I really wish there was something we could do about Conficker as a Technology community. There’s a spread of between 3 million and 12 million computers in the world according to CNN. Seems insignificant given the size of the entire Internet. I’d like to pose a question to the community. What tools would we need in order to mitigate the risks of Conficker or any worm for that matter?
Do the normal rules of engagement apply here? When I was in the telecommunications industry, we tackled problems like this systematically:
Identify the risk.
Identify the number of infections.
Allocate all parties and resources necessary to resolve.
Run hourly checks to ensure every compromised system is attended to.
“Lessons Learned” with all parties involved once 100% resolution is attained.
Seems like documentation and tracking are the key. At my former company, we used massive spreadsheets and sent updates to those assigned to verify resolution and remove the record. What would scale on the Internet, considering it is between 3 million and 12 million records?
Another question: Should this all be centralized is a consortium? I have mixed feelings with this. In a corporate office it certainly was convenient to have strict policies and standards. Consistent problems bring consistent solutions, as the saying goes. I also consider myself a free market and free Internet kind of technologist.
Perhaps just a crowd-sourced site (I know, I know) focused on the resolution of all the Confickers of the world, providing information, links, etc. would be on the right course. Make it a condition that all the information is Creative Commons and low and behold, maybe we’d have a winner.
Here is CNN’s information regarding recent activity on Conficker. What troubles me about it is the apparent loss of hope in a resolution. Kind of makes me sad to think that Sunday breakfast table conversation might end up starting with Dad opening a newspaper and asking “I wonder what Conficker is up to today?” Very disturbing.
With the hurricane season at it’s peak, I’ve decided to include a section focused on DR. I hope to add links to sites detailing weather and EOC information for the United States. If anyone elsewhere would like to contribute, please email me at <mike at itadmins dot org>. I’d also like to add sections convering power systems and other details.
Just a heads up to Ubuntu and Debian users out there. There is a major bug in openSSL that needs to be patched on all Debian and Ubuntu systems and you must regenerate your ssh keys. I’ve included some links to the gory details:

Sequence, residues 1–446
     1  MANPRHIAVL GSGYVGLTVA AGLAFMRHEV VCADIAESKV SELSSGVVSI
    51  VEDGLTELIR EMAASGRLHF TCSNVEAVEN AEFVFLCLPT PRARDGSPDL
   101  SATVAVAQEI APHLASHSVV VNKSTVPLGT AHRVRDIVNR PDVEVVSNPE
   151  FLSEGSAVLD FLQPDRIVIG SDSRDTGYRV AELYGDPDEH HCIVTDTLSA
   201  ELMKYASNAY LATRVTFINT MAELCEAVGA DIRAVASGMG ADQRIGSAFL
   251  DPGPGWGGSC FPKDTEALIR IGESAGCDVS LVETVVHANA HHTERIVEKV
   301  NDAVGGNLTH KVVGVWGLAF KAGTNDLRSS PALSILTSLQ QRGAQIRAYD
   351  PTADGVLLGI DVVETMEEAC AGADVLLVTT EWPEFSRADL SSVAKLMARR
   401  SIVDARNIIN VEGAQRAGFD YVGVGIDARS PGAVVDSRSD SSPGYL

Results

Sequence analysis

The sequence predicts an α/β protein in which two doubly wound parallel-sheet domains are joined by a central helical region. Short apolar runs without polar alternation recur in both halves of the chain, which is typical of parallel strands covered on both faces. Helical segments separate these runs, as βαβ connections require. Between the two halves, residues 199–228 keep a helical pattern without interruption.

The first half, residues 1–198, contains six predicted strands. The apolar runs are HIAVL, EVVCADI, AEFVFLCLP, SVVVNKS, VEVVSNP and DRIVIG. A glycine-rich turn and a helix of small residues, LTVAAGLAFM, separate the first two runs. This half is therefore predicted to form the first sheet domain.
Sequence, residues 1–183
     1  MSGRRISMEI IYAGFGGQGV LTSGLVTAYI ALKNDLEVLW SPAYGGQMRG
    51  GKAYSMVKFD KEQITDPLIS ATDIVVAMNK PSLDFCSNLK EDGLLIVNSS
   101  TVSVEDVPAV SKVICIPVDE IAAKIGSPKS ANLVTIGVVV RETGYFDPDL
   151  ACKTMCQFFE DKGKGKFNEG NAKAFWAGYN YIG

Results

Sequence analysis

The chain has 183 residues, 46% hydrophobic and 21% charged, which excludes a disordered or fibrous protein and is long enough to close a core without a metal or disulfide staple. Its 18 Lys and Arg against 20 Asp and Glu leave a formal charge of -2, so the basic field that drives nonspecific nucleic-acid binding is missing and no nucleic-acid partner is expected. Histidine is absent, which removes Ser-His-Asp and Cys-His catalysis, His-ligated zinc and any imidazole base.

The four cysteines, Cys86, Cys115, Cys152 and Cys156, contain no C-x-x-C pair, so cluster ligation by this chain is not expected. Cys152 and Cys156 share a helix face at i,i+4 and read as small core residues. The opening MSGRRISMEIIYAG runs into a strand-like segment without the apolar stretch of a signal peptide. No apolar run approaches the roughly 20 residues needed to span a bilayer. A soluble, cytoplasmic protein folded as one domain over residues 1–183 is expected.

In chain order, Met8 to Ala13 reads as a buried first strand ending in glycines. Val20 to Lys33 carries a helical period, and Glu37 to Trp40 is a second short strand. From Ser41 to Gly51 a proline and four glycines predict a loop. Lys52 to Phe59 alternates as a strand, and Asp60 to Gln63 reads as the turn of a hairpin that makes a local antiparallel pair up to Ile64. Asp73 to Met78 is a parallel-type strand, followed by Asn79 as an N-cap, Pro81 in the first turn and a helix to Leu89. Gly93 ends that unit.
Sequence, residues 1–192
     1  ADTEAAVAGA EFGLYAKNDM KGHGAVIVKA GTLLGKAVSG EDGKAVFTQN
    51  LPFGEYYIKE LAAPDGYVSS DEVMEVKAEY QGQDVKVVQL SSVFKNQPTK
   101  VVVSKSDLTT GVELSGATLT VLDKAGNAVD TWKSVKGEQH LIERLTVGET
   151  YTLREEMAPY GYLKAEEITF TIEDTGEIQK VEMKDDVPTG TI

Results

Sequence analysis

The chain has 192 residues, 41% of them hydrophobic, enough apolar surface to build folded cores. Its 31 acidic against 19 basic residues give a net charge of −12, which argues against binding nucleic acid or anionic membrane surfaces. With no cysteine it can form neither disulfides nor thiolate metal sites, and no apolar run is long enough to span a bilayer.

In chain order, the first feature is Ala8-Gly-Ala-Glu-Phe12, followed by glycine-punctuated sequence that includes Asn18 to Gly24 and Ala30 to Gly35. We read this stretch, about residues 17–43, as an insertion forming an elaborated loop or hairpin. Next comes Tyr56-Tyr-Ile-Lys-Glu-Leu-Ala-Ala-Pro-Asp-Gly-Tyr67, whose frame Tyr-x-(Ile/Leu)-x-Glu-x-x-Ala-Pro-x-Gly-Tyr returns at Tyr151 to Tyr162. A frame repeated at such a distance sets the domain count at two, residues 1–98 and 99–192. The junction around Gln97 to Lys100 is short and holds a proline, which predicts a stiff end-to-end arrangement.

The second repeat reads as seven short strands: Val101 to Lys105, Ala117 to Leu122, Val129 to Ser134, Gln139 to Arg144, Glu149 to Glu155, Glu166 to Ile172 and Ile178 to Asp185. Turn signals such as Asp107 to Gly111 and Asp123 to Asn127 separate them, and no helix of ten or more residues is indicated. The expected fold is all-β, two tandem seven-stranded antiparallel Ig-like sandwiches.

OSSEC is a scalable, multi-platform, open source Host-based Intrusion Detection System (HIDS). It has a powerful correlation and analysis engine, integrating log analysis, file integrity checking, Windows registry monitoring, centralized policy enforcement, rootkit detection, real-time alerting and active response.
It runs on most operating systems, including Linux, OpenBSD, FreeBSD, MacOS, Solaris and Windows. A list with all supported platforms is available here.
After testing it out on several of my machines, I can officially say it’s exactly what I was looking for in an IDS: something lightweight, cross-platform, and well documented. My setup involved installing it as a local instance on every machine, rather than the centralized config. Viewing the logs for every machine in one place doesn’t really appeal to me. I just need something that will nag me and say, “Hey, Dummy! You misconfigured that install you attempted at 3am. Fix it!” The added benefit of receiving the alerts offsite is that the existing records are stored in my Gmail. Even if someone did manage to root a computer, the logs wouldn’t be on the box and the creator of the kit wouldn’t be able to bury his/her tracks.
My hope is to test the centralized configuration in the future, but for the moment there is no benefit.
This is absolutely what I was looking for in intrusion detection. Go check OSSEC out when you get a chance.
I finally had the opportunity to load Tomato on my WRT54GS v.3 over the weekend and this is absolutely the best firmware I have come across to date. The interface is clean and offers something DD-WRT does not: realtime bandwidth monitoring from the web interface. Thus far, it has run very stable. There is also a noticeable difference in response times.
A little word of caution, though. After my installation, I HAD to reset the router (not power-cycle) via the reset switch. If you notice any issues of your password now working properly, the device more than likely just needs a reset. Another way around this problem is to restore your router to it’s factory defaults prior to the Tomato installation.